Industry observers described the situation as a new form of “owner risk,” a term used in Korea to refer to the negative impact on corporations stemming from their owner’s missteps in the public eye.

“The damage these misstatements inflict on the group as a whole could spiral out of control, outweighing any positive effect from the image of the vice chairperson actively communicating on social media,” said an executive at one major distribution company.

“Given that Shinsegae is currently investing actively in online areas, representative statements on social media stand to deal a major blow to the overall corporate image,” they noted.

Another distribution company official said, “On social media, you sometimes see situations where people mistake the positive response to their posts as being representative of the response of society as a whole.”

“At first, I thought it was a one-off sort of thing because of Chung’s free-spirited nature. But when I saw him keeping it up even as the controversy snowballed, I got the sense there might be some political intention behind it,” they added. Chung currently has around 750,000 Instagram followers.

Many within the Shinsegae Group are feeling rattled over Chung’s remarks.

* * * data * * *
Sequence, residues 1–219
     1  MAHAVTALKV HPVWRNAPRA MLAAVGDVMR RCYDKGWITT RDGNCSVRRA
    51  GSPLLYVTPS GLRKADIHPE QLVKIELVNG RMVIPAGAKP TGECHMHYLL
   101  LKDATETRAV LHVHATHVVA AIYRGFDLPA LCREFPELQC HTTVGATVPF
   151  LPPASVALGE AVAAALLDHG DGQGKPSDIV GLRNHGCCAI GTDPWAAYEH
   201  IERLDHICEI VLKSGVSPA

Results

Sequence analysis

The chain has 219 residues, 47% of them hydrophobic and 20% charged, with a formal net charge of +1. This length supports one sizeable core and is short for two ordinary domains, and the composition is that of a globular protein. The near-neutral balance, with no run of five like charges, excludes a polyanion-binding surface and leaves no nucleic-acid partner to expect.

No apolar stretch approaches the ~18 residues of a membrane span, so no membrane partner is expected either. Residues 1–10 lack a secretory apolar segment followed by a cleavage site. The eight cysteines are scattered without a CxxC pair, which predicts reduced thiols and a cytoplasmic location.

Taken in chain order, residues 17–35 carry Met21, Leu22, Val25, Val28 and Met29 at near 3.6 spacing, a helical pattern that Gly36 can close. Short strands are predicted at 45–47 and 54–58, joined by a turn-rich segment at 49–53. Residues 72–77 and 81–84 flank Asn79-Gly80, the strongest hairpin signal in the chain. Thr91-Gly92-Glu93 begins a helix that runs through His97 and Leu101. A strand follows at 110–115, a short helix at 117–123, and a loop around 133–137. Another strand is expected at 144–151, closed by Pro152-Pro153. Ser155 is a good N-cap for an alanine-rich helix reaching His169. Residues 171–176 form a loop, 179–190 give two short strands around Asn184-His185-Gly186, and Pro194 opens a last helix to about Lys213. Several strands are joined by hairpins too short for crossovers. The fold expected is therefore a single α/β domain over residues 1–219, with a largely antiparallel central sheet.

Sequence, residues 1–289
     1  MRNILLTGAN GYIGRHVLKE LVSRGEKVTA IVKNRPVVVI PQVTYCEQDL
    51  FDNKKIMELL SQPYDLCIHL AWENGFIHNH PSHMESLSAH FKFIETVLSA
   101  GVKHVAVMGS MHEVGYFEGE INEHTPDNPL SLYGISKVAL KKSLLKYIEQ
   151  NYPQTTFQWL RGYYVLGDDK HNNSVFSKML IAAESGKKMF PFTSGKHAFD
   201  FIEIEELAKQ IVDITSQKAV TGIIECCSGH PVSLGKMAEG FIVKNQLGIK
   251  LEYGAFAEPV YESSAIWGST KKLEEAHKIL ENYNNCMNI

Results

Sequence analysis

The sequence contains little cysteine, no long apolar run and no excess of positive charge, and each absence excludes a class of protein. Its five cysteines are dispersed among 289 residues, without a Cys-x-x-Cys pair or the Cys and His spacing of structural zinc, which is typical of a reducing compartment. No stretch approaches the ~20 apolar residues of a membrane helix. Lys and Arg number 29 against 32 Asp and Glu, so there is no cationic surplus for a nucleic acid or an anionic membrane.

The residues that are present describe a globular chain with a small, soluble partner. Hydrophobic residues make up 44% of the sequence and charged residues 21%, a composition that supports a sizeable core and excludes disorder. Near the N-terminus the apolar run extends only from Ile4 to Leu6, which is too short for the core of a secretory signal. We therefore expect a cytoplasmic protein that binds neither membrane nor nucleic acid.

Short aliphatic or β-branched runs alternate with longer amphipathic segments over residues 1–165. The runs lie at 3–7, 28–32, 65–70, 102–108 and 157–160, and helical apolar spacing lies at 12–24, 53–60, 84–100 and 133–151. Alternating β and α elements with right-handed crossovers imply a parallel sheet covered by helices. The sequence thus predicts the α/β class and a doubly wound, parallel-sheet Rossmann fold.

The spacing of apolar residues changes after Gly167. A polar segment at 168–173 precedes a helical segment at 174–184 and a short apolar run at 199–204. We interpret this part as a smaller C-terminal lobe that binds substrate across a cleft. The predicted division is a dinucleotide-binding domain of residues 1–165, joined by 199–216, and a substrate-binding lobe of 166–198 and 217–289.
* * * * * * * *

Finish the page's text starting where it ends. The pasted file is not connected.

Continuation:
“This seems to be a case where people online are reading too much into a post about the ‘Communist Party’ that was put up without any intentions behind it,” a Shinsegae official said.

“Vice Chairman Chung has communicated that he does not plan to make any more statements about ‘eradicating communism’ in consideration of the controversy,” they added.

In response to the growing furor over his remarks, Chung posted another Instagram message Monday afternoon in which he wrote, “Eradicating communism may just be politics for some people, but for me, it’s the reality.”

“I was just saying how I naturally feel both as a businessman and as a citizen of the Republic of Korea, who has to live through day after anxious day of not knowing when a missile is going to be launched at the country where I live,” he continued.

“I was born into a business family and will finish out my life as a businessman, so quit going on about ‘politics,’” he added.

His remarks read as a dismissal of the prospect that he might pursue a political career, a possibility that some had raised as the furor over his remarks spilled over into the political arena.

By Ock Kee-won, staff reporter